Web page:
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Soil ecology, succession and culturing microbes

 
Cody DeBaun
Posts: 34
Location: Denton, TX United States Zone 8a
5
dog forest garden toxin-ectomy
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So I've been thinking a lot lately about soil ecology. This thread especially, with all the recent conversation there, has been very enlightening. Here are the connections I'm trying to make, and the paths I'm hoping to take:

- It seems pretty well established both in the scientific community and among permies that a robust soil ecology, teeming with a diverse range of microbial life, is essential to long term, sustainable fertility, stability, productivity. The difficult questions from there seem to be how to get it, what makes it, what maintains it, what destroys it, etc.

- It also seems the consensus is that succession occurs as much under the ground as it does above ground. A general rule of thumb seems to be that more Annual/non-woody/early stage soils are bacterial, while perennial/woody/late stage soils are more fungal.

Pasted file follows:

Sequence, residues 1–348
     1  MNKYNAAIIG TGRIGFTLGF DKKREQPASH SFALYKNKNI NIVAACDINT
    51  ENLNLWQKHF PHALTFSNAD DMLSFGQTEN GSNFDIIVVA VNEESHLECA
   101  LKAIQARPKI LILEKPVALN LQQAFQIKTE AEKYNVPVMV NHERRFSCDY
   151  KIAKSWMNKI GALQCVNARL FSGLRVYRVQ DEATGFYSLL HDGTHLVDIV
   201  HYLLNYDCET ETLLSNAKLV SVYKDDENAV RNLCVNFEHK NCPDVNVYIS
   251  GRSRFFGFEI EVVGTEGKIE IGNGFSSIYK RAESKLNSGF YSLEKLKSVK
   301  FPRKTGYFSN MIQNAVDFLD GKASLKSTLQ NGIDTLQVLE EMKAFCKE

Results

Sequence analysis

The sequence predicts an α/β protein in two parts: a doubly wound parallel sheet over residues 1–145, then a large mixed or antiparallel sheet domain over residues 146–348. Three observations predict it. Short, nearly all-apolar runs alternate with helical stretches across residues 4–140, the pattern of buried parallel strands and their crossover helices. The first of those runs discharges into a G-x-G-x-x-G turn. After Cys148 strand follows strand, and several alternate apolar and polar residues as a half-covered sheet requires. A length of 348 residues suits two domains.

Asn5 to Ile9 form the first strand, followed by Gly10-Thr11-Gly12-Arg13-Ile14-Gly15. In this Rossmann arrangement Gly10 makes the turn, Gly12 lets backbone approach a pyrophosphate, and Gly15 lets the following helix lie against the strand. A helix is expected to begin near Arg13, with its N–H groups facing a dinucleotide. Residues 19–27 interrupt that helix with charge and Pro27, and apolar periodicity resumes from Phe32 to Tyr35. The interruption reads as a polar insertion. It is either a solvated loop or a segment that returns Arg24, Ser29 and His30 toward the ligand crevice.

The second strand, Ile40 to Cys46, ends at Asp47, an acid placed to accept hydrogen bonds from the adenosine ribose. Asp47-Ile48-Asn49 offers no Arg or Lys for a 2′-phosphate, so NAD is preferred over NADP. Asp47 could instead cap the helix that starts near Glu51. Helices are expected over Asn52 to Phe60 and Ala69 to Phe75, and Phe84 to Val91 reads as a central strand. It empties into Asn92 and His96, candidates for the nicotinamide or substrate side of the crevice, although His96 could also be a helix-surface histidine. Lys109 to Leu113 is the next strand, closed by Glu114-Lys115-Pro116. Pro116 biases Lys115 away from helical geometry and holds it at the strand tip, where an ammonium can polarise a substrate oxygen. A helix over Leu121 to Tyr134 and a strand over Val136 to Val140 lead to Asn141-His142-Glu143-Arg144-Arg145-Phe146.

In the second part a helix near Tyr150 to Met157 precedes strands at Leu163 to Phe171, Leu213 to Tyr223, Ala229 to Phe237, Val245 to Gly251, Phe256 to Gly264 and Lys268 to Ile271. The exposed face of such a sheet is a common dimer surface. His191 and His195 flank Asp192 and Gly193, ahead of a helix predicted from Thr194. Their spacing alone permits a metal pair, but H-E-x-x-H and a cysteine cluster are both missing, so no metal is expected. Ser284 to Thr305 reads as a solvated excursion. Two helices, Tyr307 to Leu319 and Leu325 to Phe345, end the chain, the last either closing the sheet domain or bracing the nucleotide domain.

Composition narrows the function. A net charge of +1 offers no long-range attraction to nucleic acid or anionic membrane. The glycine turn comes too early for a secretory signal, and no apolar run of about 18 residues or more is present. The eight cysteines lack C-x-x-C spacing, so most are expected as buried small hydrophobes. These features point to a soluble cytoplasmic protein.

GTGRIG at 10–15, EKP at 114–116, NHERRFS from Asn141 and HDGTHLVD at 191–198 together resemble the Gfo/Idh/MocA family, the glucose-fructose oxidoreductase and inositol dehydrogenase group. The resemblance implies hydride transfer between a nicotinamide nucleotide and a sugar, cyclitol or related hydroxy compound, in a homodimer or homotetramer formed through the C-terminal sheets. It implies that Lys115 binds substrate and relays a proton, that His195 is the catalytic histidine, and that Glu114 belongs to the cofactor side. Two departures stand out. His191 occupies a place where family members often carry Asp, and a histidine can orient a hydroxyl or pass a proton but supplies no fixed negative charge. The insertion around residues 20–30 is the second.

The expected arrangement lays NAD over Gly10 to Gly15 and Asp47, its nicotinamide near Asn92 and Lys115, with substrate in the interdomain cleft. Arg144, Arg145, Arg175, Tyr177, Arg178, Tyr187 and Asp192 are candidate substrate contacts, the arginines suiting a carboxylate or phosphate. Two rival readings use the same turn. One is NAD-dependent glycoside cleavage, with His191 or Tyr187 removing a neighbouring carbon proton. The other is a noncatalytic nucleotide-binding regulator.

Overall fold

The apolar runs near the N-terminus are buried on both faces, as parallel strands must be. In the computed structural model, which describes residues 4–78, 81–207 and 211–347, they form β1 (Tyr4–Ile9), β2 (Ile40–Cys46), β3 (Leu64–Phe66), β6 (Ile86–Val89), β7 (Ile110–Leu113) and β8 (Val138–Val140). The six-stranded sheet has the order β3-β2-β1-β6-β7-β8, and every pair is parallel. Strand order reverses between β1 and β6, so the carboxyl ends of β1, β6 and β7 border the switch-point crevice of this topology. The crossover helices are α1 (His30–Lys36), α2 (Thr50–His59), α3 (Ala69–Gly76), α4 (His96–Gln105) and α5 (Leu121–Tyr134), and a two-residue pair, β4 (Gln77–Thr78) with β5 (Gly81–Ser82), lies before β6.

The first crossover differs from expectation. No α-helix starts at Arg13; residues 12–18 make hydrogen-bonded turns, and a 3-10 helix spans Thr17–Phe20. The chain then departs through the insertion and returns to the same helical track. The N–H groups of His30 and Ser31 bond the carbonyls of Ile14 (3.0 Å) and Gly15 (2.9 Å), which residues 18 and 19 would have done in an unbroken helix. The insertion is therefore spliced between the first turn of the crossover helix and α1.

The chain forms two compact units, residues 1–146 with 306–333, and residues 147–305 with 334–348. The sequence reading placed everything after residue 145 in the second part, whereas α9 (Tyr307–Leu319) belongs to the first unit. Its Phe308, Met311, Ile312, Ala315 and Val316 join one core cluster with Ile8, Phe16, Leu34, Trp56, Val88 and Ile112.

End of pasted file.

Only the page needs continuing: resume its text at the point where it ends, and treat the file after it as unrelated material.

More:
- So I'm thinking, I should be targeting any microbial applications with that successional mindset, right?
- All the IMO stuff I've seen involves burying a box of rice in a forest. Do you think a similar effect could be achieved buried in a prairie? One that is more useful for us on a garden bed?
- Or even if not providing direct microbes, I should mulch with succession in mind? Or does it not make as big of a difference as I'm thinking?
- Is there any evidence to support the idea that, for example, pioneer tree wood mulch benefits mid-successional trees more than, say, mulch from a climax tree?
- What about evidence of the microbial effects of animal manures? I've heard multiple permaculturists talk about using chickens or pigs for food forests, and am quite familiar with the way cows hold back forest. A number of them have talked about the mechanical portions of this process, but what about the microbial effects of their manures?


Thoughts?
 
Joseph Lofthouse
garden master
Posts: 2105
Location: Cache Valley, zone 4b, Irrigated, 9" rain in badlands.
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bee chicken food preservation fungi greening the desert
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My strategy is that the world is awash in microbes, and that each kind will live where conditions are appropriate for it to live.

 
2017 Permaculture Design Course at Wheaton Labs
http://richsoil.com/pdc
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